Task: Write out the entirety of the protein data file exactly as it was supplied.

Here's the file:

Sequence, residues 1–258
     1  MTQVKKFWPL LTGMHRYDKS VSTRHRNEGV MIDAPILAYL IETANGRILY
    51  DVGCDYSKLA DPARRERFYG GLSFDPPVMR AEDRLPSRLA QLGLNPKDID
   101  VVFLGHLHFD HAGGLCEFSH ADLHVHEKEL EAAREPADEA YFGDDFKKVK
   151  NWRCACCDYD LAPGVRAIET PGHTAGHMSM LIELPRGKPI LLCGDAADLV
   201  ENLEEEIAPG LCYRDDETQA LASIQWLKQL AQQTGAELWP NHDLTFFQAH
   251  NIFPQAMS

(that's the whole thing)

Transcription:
Sequence, residues 1–258
     1  MTQVKKFWPL LTGMHRYDKS VSTRHRNEGV MIDAPILAYL IETANGRILY
    51  DVGCDYSKLA DPARRERFYG GLSFDPPVMR AEDRLPSRLA QLGLNPKDID
   101  VVFLGHLHFD HAGGLCEFSH ADLHVHEKEL EAAREPADEA YFGDDFKKVK
   151  NWRCACCDYD LAPGVRAIET PGHTAGHMSM LIELPRGKPI LLCGDAADLV
   201  ENLEEEIAPG LCYRDDETQA LASIQWLKQL AQQTGAELWP NHDLTFFQAH
   251  NIFPQAMS